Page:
Last week's election results showed Ed Miliband is running into trouble. Despite starting from a very low base, Labour suffered a reverse in Scotland, failed to break through in the South and was behind the Conservatives on national share of the vote. It was a clear signal that the scattergun approach, which has defined Labour over the past 12 months, has failed to move the public and a pattern is starting to develop.
Opposition is not easy. Immediately after an election defeat you are under pressure from your most loyal supporters to retreat into the party's comfort zone. The temptation to jump on every passing story and oppose everything the Government does is high. If you come up with policies too soon, they can backfire and be out of date by the next election. But if you have nothing positive to say about your own agenda, you lose the respect of the public.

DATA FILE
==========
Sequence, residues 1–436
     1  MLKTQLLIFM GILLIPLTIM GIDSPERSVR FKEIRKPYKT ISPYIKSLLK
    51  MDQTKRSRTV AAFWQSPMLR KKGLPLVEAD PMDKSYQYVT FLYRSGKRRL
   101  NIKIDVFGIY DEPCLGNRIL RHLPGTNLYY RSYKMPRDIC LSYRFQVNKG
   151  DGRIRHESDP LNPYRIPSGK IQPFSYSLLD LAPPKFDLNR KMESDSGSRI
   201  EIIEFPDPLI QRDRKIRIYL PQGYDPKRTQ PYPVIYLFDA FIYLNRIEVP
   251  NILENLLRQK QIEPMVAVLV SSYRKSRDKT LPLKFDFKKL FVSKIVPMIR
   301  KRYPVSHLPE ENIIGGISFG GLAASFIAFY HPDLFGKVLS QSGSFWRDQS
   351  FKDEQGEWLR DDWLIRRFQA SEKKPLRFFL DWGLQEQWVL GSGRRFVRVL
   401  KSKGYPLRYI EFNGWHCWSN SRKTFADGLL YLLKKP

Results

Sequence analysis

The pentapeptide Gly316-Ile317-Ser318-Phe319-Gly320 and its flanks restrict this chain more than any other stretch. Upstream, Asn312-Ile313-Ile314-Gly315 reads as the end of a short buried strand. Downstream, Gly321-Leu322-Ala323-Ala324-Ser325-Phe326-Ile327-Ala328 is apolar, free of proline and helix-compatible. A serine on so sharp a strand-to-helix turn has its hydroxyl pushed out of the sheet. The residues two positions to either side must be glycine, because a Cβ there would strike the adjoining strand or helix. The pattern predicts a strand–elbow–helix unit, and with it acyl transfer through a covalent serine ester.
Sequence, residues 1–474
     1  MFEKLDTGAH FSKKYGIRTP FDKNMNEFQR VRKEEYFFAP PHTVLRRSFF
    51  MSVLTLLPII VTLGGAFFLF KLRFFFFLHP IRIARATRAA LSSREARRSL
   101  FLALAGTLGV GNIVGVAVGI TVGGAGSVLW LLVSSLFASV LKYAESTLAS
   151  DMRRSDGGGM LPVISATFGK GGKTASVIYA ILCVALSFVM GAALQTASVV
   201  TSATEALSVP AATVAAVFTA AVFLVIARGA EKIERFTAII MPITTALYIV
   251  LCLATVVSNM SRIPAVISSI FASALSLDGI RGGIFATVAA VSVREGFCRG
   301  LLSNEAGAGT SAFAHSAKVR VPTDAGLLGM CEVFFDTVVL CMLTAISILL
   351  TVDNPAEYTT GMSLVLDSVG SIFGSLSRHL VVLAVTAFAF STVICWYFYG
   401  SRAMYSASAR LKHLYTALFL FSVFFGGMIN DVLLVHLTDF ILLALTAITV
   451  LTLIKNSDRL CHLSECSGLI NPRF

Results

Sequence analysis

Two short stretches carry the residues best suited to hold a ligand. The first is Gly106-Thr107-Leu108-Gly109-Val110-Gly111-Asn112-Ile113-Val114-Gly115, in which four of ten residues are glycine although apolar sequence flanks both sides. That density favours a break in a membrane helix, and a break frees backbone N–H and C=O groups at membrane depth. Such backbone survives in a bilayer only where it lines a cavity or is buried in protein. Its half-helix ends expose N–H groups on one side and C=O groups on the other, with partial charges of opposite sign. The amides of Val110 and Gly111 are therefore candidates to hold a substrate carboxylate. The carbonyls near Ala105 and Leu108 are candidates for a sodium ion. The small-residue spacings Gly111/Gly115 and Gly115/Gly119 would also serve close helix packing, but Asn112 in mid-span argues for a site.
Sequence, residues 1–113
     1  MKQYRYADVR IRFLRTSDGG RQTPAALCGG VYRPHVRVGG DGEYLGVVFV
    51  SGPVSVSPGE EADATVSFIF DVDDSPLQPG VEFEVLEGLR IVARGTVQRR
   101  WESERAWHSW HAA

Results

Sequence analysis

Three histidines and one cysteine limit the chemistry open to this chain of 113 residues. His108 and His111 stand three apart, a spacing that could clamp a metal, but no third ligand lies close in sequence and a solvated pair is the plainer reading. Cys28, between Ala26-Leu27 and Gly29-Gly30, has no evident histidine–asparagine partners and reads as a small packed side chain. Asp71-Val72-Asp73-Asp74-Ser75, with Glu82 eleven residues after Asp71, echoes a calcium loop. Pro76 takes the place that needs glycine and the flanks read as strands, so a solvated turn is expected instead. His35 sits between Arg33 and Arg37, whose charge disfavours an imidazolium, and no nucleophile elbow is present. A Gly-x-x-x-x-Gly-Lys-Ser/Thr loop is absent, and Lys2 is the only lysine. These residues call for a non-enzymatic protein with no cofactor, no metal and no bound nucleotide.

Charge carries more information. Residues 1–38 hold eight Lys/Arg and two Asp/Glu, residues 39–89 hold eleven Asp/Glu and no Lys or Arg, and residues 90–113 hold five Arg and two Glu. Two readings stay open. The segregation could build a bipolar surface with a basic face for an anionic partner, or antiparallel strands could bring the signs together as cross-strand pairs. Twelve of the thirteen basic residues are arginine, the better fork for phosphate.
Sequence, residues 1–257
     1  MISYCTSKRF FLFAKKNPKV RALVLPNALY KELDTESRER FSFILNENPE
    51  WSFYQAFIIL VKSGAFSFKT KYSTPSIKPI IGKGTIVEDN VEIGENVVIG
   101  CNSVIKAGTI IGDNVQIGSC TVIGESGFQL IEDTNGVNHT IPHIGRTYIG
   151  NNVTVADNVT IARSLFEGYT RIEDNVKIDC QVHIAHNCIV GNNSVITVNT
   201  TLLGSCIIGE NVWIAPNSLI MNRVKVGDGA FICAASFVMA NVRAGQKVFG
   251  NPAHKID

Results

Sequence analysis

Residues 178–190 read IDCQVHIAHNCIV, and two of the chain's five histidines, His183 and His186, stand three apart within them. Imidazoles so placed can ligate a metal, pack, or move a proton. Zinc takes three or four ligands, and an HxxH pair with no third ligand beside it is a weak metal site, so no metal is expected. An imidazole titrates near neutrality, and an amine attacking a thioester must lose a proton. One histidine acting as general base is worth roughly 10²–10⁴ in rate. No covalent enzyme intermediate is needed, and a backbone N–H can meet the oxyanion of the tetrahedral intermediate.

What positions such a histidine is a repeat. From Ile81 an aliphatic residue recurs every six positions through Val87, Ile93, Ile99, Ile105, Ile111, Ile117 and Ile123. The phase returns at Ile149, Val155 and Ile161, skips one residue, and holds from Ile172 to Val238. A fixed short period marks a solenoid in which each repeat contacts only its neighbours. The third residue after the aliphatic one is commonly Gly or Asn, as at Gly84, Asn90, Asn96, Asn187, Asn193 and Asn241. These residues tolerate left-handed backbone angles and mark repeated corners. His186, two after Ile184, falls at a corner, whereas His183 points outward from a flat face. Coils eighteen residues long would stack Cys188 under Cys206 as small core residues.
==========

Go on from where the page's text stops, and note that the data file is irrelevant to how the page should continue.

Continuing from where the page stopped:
First impressions last, so if you get it wrong from the start, it is not easy to recover. When David Cameron became leader of the Conservative Party we had a packed programme to define a new Conservative agenda within his first three months. Miliband has spent far too much time making opportunistic attacks on the Government and not enough time working out what the Labour Party stands for. He should have used his first months to reinvent Labour and demonstrate that it had learned from its mistakes.
In the short term, tribal opposition can appear to work. Miliband has been shielded from scrutiny by the fact that spending cuts dominated the news agenda in the early part of his leadership. But in the long run, until a party reconciles itself with the reasons it lost power, in cannot earn the right to be heard again.
George Eustice is Conservative MP for Camborne and Redruth and a former press secretary to David Cameron